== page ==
Under Global NCAP's old testing protocol, the Swift had secured a 2-star safety rating in 2018.
Global NCAP has tested the Maruti Suzuki Swift once again, but this time around it has come away with a rather poor 1-star rating for both adult and child occupant protection. The Maruti Swift – along with the Ignis, S Presso and the Mahindra Scorpio N – was among the second lot of cars to be tested under Global NCAP’s more stringent protocols that came into effect in July this year.
The model tested was manufactured in India for the domestic market and came equipped with dual front airbags, seat belt pretensioners, rear ISOFIX anchorages and seat belt reminders. The current-gen Swift was previously tested by GNCAP in 2018 in its pre-facelift guise where it scored 2 stars for both adult and child occupant protection.
Notably, these ratings are also applicable for the Dzire compact sedan as both are underpinned by the same platform, and are sibling models.
Adult occupant crash test
The 2022 Swift scored 19.19 points out of a possible 34 points in adult occupant protection, including a frontal offset deformable barrier test and a side movable deformable barrier test where it scored 6.3 points and 12.9 points, respectively.
In the frontal impact test, GNCAP noted that the Swift offered good protection to the driver’s and passenger’s head and neck. Protection for the driver’s chest was weak, while it was adequate for the passenger. The driver’s knees and the passenger’s right knee showed marginal protection as they could come in contact with dangerous structures behind the dashboard, while the passenger’s left knee showed good protection. In the side impact test, head, abdomen and pelvis protection was good, but chest protection was rated poor.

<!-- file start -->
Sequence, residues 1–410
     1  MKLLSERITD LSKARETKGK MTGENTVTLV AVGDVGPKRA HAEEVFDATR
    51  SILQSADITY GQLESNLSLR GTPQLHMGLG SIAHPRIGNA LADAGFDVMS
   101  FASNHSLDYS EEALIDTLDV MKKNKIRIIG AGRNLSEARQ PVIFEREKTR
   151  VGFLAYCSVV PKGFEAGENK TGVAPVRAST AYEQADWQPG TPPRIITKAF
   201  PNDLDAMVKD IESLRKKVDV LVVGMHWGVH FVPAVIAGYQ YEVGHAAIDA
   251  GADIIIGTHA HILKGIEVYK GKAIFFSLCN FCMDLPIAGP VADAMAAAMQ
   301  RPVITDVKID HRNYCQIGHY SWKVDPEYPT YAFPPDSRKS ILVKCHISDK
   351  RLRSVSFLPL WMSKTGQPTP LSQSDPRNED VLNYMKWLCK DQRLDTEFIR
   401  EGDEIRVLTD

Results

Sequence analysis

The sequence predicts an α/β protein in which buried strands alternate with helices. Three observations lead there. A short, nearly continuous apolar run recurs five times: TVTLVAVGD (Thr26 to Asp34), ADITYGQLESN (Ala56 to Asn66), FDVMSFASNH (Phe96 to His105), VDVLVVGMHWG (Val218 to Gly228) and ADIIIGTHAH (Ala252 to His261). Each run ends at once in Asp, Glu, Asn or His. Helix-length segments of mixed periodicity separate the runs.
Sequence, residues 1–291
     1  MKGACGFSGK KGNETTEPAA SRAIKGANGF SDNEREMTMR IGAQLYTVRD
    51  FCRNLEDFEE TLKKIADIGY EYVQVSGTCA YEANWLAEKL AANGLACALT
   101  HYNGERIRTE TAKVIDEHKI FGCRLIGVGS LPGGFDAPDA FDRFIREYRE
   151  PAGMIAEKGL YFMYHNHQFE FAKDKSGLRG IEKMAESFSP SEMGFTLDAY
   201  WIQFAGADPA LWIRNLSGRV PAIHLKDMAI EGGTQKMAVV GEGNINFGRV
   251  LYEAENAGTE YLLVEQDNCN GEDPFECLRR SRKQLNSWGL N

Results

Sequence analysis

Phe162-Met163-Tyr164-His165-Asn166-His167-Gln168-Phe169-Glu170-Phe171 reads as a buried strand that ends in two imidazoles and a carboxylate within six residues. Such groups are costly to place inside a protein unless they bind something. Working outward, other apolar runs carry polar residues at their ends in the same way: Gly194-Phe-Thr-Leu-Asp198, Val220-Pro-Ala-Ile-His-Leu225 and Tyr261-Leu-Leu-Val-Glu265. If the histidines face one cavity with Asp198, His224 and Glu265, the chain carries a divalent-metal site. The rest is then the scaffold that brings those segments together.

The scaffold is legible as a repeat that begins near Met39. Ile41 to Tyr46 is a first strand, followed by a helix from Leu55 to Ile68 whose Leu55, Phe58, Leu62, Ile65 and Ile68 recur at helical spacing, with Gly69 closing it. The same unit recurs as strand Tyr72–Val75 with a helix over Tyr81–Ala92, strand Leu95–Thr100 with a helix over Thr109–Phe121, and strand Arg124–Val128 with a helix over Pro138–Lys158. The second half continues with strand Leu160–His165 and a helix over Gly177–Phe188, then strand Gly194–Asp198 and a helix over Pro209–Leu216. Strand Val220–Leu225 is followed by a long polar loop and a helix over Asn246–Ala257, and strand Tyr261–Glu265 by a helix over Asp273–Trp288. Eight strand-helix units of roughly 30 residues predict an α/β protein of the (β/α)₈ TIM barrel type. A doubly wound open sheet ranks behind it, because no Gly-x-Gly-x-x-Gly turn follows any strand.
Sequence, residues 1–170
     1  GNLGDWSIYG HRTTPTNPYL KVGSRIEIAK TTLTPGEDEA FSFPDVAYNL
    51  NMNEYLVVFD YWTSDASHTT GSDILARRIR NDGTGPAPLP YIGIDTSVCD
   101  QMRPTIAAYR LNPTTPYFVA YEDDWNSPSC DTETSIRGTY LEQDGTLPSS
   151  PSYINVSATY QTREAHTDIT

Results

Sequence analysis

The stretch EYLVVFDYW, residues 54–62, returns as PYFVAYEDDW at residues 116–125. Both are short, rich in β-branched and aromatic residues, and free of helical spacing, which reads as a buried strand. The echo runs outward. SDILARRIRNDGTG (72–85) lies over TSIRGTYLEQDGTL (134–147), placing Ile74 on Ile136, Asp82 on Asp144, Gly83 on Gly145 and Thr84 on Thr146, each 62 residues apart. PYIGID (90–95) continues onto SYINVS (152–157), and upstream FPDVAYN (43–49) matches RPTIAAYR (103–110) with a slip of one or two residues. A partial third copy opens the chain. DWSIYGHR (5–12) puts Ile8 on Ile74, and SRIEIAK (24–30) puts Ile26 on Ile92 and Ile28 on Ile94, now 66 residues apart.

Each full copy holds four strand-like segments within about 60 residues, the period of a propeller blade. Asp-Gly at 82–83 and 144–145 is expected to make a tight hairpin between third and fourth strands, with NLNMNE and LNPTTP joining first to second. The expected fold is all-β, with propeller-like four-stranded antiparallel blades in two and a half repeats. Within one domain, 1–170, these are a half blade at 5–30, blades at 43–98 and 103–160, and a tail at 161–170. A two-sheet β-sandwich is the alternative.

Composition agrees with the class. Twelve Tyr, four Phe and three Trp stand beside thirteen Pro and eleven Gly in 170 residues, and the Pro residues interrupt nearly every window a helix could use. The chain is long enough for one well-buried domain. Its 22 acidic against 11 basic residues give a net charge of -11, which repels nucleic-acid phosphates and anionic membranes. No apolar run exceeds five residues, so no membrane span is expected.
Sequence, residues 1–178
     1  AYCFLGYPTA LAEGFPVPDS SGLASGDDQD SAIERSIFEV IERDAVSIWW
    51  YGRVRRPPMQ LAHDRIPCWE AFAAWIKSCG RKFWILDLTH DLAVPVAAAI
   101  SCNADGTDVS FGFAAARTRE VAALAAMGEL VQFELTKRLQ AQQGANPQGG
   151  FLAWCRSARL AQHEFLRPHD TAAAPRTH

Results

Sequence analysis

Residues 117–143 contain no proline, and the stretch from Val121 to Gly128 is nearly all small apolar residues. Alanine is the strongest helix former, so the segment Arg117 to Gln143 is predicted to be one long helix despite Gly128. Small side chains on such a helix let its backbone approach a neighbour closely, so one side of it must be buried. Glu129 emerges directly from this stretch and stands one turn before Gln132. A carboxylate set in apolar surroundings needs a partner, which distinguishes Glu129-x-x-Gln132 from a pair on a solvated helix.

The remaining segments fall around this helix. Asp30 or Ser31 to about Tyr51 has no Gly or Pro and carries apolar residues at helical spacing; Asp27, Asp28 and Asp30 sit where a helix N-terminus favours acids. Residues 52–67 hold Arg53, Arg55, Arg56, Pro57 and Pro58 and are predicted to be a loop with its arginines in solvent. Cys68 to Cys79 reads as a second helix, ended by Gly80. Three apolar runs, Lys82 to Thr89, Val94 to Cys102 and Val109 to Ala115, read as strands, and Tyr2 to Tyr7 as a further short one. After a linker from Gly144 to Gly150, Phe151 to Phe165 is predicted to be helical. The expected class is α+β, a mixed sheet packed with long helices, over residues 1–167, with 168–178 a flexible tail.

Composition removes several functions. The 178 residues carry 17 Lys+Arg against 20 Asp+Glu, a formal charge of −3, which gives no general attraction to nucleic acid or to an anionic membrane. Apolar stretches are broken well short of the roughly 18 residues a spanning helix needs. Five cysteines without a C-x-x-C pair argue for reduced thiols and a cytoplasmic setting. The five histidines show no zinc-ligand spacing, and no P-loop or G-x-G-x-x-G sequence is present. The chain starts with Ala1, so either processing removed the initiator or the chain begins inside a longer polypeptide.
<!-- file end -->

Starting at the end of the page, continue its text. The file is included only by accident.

GNCAP also noted that the footwell area as well as the bodyshell were unstable, and were not capable of withstanding any further loadings. Notably, these findings are not very different from the previous crash tests of the Swift. The 2018 pre-facelift Swift also recorded high compression to the driver’s chest, an unstable structure and poor protection in the footwell area.
Global NCAP’s new testing protocols also requires cars to be tested for side pole impact test. However, the same was not performed on the Swift as it does not get side head protection, even as an option. The Swift also does not come with Electronic Stability Control as standard, which is why it was not tested for safety assist systems either. Lastly, it also does not comply with UN127 or GTR9 pedestrian protection norms.
Child occupant crash test
When it comes to child occupant protection, the Swift scored 16.68 points out of a possible 49. This includes a dynamic score of 12.82 points and CRS (child restrain system) installation score of 3.86 points.
The Swift was tested with both an 18-month-old child dummy and a 3-year-old child dummy, both seated facing forward in child seats at the rear. For the 3-year-old child dummy, the child seats were able to prevent excessive forward movement, thereby offering good protection to the head and marginal protection to the chest. However, for the 18-month-old dummy, it showed poor protection for the head and chest. Again, these findings are similar to the child occupant protection offered by the 2018 Swift.
The Swift comes with standard ISOFIX anchorages only for the two outboard rear seats, but misses out for the front passenger seat. It also does not get a three-point seat belt for the rear passenger seated in the middle.
Old and new crash test scores
Global NCAP’s new protocols take a lot more factors into account while crash testing a car such as mandatory compliance with pedestrian protection norms, standard fitment of ESC, side impact test, more stringent evaluation of chest load readings on the crash test dummies and also side impact test for the child dummies. Previously, GNCAP’s assessment was only based on a single frontal offset crash test.
Therefore, the Swift’s new score is not directly comparable with the old score, however, with no upgrades to active or passive safety features, the Swift naturally does not meet most of the newer stringent norms. This explains why the Swift’s safety rating has gone down from a previous 2 stars to a 1-star rating now.
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